Among the many styles of blues that were birthed among the various North American regions, Piedmont blues in the Atlantic Coastal Plain and Appalachian mountains in Georgia and Virginia was one of the most renowned (OnMusic Companion). The melancholic yet spiritual nature of the blues allowed it to thrive in its various forms, from rural towns to the biggest of cities. What differentiates the Piedmont blues from the other songs of its kind goes beyond the origin; Atlanta blues specifically was known for its more gentle fingerpicking style on guitar with lighter vocal tones (OnMusic Companion). The expeditious growth of Atlanta’s population and music recording industry allowed this blues style to thrive, laying down the foundation and legacy of the “Hotlanta” we know today.
Atlanta blues came to prominence in the 1920’s and 1930’s. Artists like Peg Leg Howell, Blind Boy Fuller, duetists Blind Willie Mctell and Curley Weaver, and the Georgia Cotton Pickers were some of the first artists to work with record labels in Atlanta. Competition was fierce for exposure and recording deals as rural musicians migrated to the city(AllMusic). While Piedmont blues were popular in Alabama and Virginia, the recording scene in Atlanta put them all in its shadow. “Songs like Georgia Rag” and “Thousand Woman Blues” were some of the most popular, and in these songs the delicate picking of the guitar and gentle singing can easily be recognized. As shown by the prominence of songs and artists, “Hotlanta” is nothing new!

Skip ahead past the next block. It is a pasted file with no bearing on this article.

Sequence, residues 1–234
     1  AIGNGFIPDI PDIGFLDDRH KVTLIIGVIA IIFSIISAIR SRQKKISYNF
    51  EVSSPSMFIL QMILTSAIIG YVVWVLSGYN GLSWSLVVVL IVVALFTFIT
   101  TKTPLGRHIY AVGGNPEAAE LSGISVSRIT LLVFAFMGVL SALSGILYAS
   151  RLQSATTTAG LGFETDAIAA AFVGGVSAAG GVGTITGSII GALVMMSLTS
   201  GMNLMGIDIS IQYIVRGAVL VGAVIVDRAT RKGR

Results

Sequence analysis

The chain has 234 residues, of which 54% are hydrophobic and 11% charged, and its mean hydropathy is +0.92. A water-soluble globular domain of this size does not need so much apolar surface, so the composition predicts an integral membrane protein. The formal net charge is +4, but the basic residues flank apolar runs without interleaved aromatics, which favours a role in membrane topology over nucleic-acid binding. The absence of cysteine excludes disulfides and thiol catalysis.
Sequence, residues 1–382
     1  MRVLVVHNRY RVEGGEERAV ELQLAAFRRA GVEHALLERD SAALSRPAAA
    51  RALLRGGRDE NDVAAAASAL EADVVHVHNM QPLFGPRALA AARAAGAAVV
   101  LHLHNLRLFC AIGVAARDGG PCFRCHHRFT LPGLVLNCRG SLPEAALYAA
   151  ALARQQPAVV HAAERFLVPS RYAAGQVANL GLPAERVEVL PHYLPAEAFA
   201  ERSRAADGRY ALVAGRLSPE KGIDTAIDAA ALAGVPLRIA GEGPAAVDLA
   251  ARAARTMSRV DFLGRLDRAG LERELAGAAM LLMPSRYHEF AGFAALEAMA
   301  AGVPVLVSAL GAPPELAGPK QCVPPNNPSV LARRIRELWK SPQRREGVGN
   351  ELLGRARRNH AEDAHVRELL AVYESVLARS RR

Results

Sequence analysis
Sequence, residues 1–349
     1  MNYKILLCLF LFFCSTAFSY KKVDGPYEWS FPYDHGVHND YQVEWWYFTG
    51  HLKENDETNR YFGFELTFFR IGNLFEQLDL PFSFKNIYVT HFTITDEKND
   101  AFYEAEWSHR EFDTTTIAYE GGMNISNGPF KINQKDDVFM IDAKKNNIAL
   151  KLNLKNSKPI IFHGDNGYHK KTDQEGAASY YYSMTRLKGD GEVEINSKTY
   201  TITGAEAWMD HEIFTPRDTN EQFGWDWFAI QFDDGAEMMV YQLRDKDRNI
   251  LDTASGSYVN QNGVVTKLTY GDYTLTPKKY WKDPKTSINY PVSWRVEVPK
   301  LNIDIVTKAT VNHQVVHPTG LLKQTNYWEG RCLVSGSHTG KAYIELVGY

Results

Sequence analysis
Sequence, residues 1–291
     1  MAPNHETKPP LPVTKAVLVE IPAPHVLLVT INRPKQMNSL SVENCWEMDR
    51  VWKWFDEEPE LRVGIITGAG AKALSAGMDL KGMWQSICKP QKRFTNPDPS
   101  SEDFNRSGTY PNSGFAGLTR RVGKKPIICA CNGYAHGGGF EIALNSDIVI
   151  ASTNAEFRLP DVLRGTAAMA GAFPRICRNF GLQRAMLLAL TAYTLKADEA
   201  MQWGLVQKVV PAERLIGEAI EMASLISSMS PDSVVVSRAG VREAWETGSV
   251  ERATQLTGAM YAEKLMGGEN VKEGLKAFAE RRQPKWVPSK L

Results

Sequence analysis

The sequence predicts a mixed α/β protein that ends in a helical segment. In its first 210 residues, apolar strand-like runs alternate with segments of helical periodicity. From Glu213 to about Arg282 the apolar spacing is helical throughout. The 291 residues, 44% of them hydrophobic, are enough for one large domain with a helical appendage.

We know Atlanta to be a powerhouse of both the filming and music industry today. The R&B, rap, and hip-hop scene of our current era would not exist without the rich and vast history of music in Atlanta stemming from Piedmont blues.